Perhaps the Da thought I was being self-righteous when I shared about how my life now must begin anew--since there have been vast dyings to various efforts and distractions of the past. He wasn't so sure about reading challenging books at his age, but by the end of our conversation, he agreed to read St. Bernard's St. Malachy the Irishman and finish the copy of Fr. Iaian Matthew's Encounter with God. The Da said the day before he had read two pages and got something good out of it--how God gazes upon us all the time. The Da is excited, too.

Sometimes the little steps seem not so much, and for some it might not be reading challenging books as much as reading any book about Jesus, or the saints, or the Church. To study and learn, by reading, is one major way to get to know Jesus and to know His Church and the Catholic faith. Just keep at it, bit by bit. Soon Jesus becomes known to us in ways we do not expect! 

Someone asked if living this was fulfilling to me. How could it not be? Living in the Order of the Present Moment, learning Christ, coming to know Christ intimately, seeking and finding Him in every present moment: this is and will be fulfilling! Persevere!

Awake in the Present Moment

Am up in the wee hours, nursing the bodily pain. And would write more about some present moment encounters and of finding Christ in them, or at least seeking Christ in them, which is akin to finding Him, for He is in every present moment.

God created and creates our moments, both while we breathe on earth and when we breathe a different kind of breathing in eternity.

However, am here to write that the adjunct blog site has the preface on it, in four sections. Mentioned to someone my writing is tedious, which it is, and the person said yes, it is tedious. Another said it is tedious but might not be for people who are interested in my life and the gardens.

Regardless, I have tried to do some editing of what I'd already written about the structure of the Order of the Present Moment, and that is why it took me a couple days to post the preface, in four parts.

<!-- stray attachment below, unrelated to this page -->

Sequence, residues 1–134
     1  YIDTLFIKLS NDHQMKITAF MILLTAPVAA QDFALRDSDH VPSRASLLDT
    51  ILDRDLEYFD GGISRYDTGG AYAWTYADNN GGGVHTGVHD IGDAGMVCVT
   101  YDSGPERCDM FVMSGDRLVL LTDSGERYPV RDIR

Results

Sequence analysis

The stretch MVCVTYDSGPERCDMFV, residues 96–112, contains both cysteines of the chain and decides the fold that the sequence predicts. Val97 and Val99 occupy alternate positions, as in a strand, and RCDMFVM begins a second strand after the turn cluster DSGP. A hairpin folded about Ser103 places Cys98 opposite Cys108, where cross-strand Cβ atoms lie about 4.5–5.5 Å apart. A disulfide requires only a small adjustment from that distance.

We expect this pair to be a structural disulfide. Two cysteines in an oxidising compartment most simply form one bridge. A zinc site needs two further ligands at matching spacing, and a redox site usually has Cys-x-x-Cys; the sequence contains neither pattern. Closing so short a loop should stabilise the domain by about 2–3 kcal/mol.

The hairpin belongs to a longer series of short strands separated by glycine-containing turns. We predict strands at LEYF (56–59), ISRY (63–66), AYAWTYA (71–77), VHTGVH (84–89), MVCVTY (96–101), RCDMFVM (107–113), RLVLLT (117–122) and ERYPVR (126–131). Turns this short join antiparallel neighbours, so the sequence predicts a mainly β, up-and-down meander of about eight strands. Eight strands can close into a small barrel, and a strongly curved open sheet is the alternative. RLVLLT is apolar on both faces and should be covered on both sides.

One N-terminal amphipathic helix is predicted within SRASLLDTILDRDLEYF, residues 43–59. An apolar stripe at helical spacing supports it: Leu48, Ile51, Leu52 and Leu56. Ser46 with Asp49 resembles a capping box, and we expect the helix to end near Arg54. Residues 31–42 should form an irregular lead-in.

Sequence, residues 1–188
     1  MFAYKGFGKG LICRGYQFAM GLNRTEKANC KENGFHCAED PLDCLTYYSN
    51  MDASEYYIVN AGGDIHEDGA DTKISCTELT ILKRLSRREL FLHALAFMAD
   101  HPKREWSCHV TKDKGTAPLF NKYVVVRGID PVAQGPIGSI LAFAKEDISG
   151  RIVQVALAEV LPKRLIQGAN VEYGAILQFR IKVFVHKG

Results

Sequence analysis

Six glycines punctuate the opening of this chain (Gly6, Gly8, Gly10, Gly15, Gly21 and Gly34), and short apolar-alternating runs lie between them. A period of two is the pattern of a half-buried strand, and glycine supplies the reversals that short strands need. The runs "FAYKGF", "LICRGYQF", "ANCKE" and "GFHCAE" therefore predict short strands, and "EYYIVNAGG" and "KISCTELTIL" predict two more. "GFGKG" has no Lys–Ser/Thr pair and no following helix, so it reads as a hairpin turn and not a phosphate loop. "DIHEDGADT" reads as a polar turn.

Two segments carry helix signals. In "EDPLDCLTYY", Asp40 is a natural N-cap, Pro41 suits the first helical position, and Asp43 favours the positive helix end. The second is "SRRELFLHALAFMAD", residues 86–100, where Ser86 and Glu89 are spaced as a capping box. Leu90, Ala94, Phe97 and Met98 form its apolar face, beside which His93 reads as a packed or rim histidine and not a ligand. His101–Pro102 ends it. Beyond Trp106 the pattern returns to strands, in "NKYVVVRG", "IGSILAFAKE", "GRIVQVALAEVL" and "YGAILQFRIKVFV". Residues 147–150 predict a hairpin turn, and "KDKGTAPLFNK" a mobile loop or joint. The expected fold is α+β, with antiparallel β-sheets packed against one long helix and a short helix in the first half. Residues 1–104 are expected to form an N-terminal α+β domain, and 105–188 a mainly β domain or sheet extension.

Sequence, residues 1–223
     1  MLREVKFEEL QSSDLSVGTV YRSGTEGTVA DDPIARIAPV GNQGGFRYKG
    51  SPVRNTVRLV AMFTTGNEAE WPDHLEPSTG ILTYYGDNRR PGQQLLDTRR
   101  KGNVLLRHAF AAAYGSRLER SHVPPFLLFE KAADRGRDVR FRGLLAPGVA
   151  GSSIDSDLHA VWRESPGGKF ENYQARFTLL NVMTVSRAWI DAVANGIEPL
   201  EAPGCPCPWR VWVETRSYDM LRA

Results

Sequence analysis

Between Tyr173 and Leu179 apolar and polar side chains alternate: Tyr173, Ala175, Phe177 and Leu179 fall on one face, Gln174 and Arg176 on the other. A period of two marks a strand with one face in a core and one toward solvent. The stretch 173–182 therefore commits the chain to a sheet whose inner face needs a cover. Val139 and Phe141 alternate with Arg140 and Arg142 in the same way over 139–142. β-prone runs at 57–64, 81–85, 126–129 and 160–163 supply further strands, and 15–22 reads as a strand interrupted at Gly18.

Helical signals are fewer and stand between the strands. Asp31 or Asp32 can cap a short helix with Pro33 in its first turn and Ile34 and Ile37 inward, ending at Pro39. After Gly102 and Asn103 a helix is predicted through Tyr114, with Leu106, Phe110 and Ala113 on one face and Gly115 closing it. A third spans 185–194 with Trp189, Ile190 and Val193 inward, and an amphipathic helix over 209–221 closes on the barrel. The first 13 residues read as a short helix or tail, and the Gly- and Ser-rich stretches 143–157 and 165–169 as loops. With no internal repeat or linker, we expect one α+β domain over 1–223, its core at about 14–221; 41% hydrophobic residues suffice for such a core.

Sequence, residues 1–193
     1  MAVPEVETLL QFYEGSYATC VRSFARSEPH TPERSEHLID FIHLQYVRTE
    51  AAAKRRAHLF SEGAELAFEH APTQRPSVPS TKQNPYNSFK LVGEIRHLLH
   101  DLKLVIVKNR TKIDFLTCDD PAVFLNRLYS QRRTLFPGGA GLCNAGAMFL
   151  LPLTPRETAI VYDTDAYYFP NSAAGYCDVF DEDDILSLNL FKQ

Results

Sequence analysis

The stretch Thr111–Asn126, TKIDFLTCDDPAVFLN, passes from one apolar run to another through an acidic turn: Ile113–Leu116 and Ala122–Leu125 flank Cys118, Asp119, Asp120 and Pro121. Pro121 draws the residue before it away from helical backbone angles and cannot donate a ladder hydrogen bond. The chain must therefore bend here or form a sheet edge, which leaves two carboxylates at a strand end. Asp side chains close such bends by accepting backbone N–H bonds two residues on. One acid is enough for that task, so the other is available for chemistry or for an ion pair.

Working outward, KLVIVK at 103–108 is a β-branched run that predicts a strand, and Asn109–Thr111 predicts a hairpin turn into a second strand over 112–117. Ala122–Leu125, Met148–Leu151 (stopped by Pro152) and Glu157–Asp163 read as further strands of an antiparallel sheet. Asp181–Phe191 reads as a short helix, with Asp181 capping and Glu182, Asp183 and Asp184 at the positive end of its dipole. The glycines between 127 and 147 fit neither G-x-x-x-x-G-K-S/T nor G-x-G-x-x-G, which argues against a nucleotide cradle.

And why I have not written anything more on this blog regarding examples of the present moments, of living out the OPM in a way of trying to find and climb the stairway to heaven.  There have been some good points from what I've read in these days, plus some conversation and thoughts, especially of the effort in trying remedies to various ploys of the demon of dejection. Maybe I will write some of it.

For now, am posting the site for the blog, Stairway to Heaven:

Again, all these blogs may be taken down in about three weeks if my spiritual director does not want me to post any of my thoughts in any published manner.  But for now, I'm testing how it is, and if anyone is interested in such topics. Plus, will pray about and attempt to not write so personally, but that has always been a kind of downfall, perhaps, for others reading. Yet it is rather therapeutic for the one writing, and if the topics not of interest to others, nor helpful in their lives, then perhaps the good is for the expression within my own life, for my soul's progression.

A friend commented that the writing is more like a diary entry and devotional, not something that would be published in Catholic periodicals, and I tend to agree. Also, the titles and topic are not the draw that such topics as hermit life or victim souls. People tend to have more curiosity about those. But I come to understand even in these thoughts, that I am not necessarily writing for what people may think they want to read. My life now, where it has evolved and stands in the present moment, is to write from me to Christ, and to kind of log the implementation attempt of living in the Order of the Present Moment.

Monday, September 20, 2010

Living Next Door to Jesus

Through the "Spiritual Laws" of St. Mark the Ascetic, I have read of the negative aspects for the soul in listening to or talk of others' sins. After first writing this post, my soul was not at rest. Could have been from recalling the ordeals. Regardless, in this present moment, now I revise what was written leaving out many of the details of harm, and emphasizing one of many Christian remedies: see Christ in others.